If you walk quietly down Camp Salmen's Swampwalk boardwalk you may be lucky enough to suddenly spot a large Blue-tailed Skink basking in the sun. A sharp observer who manages to take in this sight might think they resemble an exquisite Tiffany jewel piece - a beautiful bronze body, an elegant suit of yellow pinstripes and a vivid,eye-catching iridescent blue tail. Sometimes older males even sport a noble red head. They can disappear in the blink of an eye and might leave you wondering, “Did I just see what it was I thought I just saw?”

It turns out blue-tailed skinks are the most numerous lizard in North America; from Canada to the Gulf of Mexico and from the Atlantic to the edge of the Great Plains. Their official name is the American Five-lined Skink; scientific Latin name: Eumeces fasciatus. They can grow up to eight inches long. Their fancy pinstripes and tail fade as they age through their six-year lifespan. They like things moist in their environment, making them easier to find in and around our swamp, and they usually stay hidden from view, except in those moments when they can’t resist basking in the sun.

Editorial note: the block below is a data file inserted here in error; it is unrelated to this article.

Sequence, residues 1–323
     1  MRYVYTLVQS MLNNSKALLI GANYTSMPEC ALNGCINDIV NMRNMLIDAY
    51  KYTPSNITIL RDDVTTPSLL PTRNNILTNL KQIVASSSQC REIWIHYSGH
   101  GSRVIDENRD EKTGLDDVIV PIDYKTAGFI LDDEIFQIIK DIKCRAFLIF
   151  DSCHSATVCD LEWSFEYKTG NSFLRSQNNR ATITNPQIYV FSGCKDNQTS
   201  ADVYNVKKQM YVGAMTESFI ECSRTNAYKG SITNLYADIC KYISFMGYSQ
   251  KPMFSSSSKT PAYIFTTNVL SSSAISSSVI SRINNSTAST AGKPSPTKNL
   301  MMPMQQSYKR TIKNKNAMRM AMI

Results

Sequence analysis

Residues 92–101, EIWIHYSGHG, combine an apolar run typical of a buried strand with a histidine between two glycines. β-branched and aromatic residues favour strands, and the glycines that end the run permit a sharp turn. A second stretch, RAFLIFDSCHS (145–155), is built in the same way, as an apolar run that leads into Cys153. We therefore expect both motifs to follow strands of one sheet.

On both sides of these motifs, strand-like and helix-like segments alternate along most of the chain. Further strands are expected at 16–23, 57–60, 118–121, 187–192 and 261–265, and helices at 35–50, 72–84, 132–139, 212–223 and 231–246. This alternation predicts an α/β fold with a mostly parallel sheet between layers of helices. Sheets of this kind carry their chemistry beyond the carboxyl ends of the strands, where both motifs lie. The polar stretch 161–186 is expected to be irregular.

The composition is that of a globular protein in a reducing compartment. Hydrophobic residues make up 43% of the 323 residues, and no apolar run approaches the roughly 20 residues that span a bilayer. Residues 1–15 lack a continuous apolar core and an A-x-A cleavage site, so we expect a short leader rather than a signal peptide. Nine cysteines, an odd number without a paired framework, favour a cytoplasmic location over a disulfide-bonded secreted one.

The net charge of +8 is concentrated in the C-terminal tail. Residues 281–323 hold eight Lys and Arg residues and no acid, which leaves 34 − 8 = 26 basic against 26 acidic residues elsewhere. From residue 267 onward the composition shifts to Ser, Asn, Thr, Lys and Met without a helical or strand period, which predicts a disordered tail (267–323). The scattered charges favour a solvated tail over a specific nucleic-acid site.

Females actually “mother” their eggs but the young’uns are on their own only a day or two after hatching. Afterward, any number of predators - snakes, crows, hawks, shrews, moles, opossums, skunks, raccoons and domestic catsmay have a go at them, but the skink has a unique defensive strategy: they simply detach their beautiful tails and leave them twitching on the ground as a distraction whist making a getaway. If they survive this encounter they get to grow a replacement tail.

Skinks are, in turn, someone else’s predator. They have a liking for spiders, millipedes, crickets, snails termites, grasshoppers, caterpillars, beetles, various larvae and even vertebrates small enough to swallow whole, like frogs, lizardsand baby mice.